You can also verify DB2 failover by stopping or rebooting one system and confirming that the DB2 role automatically moves to the other system.

After verifying that DB2 is functioning on the second system, move it back to the first system: In Cluster Manager, right click on the node for the first system and Select Resume/Fail Roles Back.

Set the DB2INSTANCE environment variable and reboot

On both systems:

  1. Open the System control panel
  2. Select Advanced system settings
  3. Select Environment Variables...
  4. Under System variables, edit DB2INSTANCE - change from DB2 to DB2CLUST.
  5. Reboot

Install StarQuest products on node 1

In most environments, the StarQuest products are typically installed using the all-in-one combined installer that installs some products silently to their default location (C:\Program Files\StarQuest). For this cluster environment, it was requested that minimal changes be made to the system drive (C:) and that the Program Files of all products be installed to the D: drive. This required installing each StarQuest product individually.

The products were installed in this order, specifying a target destination of D:\Program Files\StarQuest\<product>. You can either download the individual installers for each product, or use the installers found in the ISSetupPrerequisites subfolders. All products are 64-bit.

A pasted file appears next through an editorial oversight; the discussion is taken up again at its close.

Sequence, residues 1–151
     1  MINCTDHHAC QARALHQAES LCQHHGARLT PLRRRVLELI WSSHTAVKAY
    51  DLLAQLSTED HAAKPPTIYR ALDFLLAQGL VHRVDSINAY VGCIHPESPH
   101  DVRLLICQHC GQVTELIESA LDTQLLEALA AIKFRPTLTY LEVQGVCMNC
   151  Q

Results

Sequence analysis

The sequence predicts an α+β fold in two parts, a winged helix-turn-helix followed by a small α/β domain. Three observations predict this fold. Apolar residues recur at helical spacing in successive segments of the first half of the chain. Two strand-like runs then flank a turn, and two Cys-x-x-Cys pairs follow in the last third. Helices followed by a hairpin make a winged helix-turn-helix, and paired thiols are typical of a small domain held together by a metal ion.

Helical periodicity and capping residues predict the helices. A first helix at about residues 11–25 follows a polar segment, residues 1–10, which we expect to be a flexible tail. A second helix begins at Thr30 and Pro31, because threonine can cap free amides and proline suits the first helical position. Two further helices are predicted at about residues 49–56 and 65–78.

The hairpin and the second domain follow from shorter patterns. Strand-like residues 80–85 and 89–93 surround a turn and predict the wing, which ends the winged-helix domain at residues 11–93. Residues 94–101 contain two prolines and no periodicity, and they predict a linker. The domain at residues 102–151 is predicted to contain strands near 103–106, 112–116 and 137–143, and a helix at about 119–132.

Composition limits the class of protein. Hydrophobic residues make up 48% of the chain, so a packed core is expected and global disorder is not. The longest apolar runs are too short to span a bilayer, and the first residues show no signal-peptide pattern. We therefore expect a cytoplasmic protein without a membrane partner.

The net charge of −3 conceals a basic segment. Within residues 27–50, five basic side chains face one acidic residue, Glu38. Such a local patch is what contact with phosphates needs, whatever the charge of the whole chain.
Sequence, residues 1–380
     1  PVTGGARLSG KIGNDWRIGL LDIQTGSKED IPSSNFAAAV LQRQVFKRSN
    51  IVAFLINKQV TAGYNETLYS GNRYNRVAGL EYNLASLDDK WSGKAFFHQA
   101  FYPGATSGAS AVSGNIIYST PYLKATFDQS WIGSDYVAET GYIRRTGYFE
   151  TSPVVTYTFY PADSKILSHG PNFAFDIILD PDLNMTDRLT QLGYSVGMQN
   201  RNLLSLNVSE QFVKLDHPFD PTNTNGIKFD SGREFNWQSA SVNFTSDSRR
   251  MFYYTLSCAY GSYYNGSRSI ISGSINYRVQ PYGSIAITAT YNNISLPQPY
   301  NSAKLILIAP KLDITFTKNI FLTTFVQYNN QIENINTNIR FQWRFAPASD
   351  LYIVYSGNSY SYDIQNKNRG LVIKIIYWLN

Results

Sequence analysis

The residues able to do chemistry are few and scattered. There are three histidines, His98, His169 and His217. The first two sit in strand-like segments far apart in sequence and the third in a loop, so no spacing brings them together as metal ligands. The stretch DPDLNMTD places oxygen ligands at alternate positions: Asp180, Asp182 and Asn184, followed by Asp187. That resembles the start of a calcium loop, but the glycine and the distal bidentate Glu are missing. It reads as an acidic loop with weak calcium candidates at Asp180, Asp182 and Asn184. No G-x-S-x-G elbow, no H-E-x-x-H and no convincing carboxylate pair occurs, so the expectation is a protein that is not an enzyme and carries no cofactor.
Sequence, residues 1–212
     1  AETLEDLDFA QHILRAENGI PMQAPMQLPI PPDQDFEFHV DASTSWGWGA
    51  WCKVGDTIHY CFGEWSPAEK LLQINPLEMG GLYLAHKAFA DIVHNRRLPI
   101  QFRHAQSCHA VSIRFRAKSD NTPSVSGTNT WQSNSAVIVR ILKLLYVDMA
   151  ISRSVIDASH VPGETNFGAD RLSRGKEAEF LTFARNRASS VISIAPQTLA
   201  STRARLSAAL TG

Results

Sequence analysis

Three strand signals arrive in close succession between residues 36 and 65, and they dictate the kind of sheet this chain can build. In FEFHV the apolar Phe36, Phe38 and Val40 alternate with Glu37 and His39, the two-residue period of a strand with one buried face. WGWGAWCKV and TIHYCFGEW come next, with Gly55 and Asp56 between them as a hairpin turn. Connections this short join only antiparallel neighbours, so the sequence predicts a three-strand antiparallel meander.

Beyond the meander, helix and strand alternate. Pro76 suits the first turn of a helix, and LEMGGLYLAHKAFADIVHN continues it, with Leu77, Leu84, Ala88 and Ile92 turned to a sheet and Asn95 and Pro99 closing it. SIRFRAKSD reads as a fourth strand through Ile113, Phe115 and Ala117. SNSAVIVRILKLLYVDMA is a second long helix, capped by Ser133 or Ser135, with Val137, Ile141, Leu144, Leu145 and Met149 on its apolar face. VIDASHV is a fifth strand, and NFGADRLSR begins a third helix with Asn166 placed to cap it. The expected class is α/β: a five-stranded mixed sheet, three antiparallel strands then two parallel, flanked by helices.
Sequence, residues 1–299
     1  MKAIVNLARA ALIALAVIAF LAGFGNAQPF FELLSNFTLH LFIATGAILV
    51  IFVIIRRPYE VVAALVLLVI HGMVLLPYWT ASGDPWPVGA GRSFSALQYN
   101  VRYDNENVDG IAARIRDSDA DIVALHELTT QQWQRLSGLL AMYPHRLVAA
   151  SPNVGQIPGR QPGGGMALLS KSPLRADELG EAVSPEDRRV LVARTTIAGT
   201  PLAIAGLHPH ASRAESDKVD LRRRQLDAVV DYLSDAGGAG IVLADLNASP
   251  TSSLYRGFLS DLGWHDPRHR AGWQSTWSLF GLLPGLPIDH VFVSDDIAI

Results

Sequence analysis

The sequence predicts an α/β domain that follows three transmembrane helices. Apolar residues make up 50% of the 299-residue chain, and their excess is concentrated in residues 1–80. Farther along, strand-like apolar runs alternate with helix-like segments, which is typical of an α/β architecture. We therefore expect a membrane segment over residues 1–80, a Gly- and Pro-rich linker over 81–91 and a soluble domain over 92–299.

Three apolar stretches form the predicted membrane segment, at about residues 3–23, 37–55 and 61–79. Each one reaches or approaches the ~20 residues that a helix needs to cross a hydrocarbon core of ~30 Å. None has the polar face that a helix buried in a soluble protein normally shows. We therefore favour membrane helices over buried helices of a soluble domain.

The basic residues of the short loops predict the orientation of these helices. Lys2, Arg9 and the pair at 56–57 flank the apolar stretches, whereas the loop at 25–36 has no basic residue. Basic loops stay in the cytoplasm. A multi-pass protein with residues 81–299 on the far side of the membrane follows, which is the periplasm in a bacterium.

Before installing SQDR Plus, pause the second node to prevent the Cluster Manager from attempting to move the DB2 role when the SQDR Plus temporarily stops DB2. This is only necessary on the initial installation of SQDR Plus. Sometimes, you may notice the DB2 role enter a Failed state; you can restart it within Cluster Manager.

First install all products on the first node in the following order:

  • StarSQL
  • SQDR_ODBC
  • SQDR
  • JRE
  • SQDR Plus

When installing SQDR Plus, make the following choices:

  • Location of DB2 databases and logs: S:
  • Destination: D:\Program Files\StarQuest\sqdrplus
  • ProgramData Folder: Place SQDR Plus (64-bit) Program Data in S:\ProgramData\StarQuest\
  • DB2 Instance: DB2CLUST (this should already be selected)

Note that SQDR Plus creates the SQDRC control database used by SQDR - i.e. you should install SQDR Plus before running the SQDR Configuration utility.

Install StarQuest Products on node 2

Stop the SQDR and SQDR Plus services on node 1 using the Services control panel and transfer the DB2 role and the S: shared disk to the second node by resuming the second node and pausing the first node.

Install the StarQuest products on node 2 in this order:
StarSQL
SQDR_ODBC
SQDR
JRE
SQDR Plus

Configure SQDR and SQDR Plus on node 1

Stop the SQDR and SQDR Plus services on node 2 using the Services control panel and transfer the DB2 role and the S: shared disk to the first node.

When configuring SQDR, use DSN-less connection strings rather than ODBC data sources for the connection to the SQDRC control database and to the source and destination databases.

  1. Run the SQDR Configuration utility. This creates control tables in the SQDRC database.
  2. Set the SQDR service to run as Manual.
  3. Confirm that you can use Data Replicator Manager to connect to the local SQDR service.
  4. Restart the SQDR Plus services.